By Debbie Gregory.
In order to meet the targeted active force end strength of 476,000 by October 1st, the U.S. Army is developing programs to attract new recruits. In addition to the active force increasing by 16,000, the Army National Guard will grow by 4,000 and the Army Reserve by 8,000.
The proposed benefits include bonuses and other monetary incentives as well as training that will into translate into future civilian employment credentials and college credits.
The Army’s Noncommissioned Officer Education System will also give soldiers an advantage that will directly transfer to universities the Army has partnered with to ensure courses transfer for college credit, according to Sgt. Major of the Army Daniel Dailey.
Coming into the job in January 2015 at age 42 — making him the youngest Sgt. Major in Army history — Dailey already had a long to-do list, focusing on professional military education, readiness, robust training, physical fitness, and helping soldiers transition smoothly into civilian life. The educational benefits the Army offers will be a key part of its effort to attract additional soldiers, Dailey said.
“The number one reason men and women join the military today is because of sacrifice and service, and the second one is because of our education benefits,” Daily said. He went on to say, “And we will fight to sustain those benefits. … We cannot erode benefits to our soldiers and their families or we will put the all-volunteer force at risk … we have to continue to invest in the soldier because that is an investment in the future.”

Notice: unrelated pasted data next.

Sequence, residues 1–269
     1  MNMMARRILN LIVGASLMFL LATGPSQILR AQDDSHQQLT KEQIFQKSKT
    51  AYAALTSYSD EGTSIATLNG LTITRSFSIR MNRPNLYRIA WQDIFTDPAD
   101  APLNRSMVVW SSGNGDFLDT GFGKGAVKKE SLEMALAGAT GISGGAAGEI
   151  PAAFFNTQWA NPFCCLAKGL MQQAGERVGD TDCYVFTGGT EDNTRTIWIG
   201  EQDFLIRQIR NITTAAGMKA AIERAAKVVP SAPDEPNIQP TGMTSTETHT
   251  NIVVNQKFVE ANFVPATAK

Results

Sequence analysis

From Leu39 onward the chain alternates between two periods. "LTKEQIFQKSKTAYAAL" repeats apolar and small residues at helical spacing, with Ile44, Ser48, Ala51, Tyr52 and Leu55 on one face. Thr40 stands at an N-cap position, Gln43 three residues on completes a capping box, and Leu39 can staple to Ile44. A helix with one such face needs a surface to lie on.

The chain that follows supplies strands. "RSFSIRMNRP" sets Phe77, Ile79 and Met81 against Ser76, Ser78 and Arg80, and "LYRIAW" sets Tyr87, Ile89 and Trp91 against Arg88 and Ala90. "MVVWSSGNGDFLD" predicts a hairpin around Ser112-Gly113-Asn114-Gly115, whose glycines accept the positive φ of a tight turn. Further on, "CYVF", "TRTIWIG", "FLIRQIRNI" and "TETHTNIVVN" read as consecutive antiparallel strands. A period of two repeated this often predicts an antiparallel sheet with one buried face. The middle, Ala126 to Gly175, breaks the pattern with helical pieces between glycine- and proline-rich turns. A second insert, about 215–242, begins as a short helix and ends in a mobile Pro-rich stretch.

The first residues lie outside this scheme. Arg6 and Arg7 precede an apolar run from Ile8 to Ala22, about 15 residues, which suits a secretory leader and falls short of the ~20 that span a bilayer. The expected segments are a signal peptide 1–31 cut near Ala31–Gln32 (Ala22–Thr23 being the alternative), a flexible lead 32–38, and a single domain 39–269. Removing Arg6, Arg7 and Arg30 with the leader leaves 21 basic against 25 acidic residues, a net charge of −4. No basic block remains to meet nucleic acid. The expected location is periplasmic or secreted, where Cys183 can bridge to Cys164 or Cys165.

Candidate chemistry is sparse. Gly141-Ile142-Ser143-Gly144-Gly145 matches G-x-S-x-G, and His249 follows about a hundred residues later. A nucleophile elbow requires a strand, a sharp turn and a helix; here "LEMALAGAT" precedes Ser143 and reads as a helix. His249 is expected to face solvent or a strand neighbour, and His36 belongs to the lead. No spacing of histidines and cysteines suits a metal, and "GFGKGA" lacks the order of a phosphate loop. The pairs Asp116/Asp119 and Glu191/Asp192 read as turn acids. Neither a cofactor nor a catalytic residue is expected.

As soldiers advance through the ranks and attend the Advanced Leader Course and the Senior Leader Course, they will earn many of the requirements for an undergraduate degree, he said.
“That way, in the future, a senior noncommissioned officer should have an undergraduate degree before they go to the Sergeant Major Academy,” Dailey said.
“So I think that we have got tell America: One, we need your sons and daughters to continue to sacrifice and serve because it is the right thing to do for their nation, but two — when we send them home, they are going to be better than when we received them, and that’s our commitment to the American soldier.”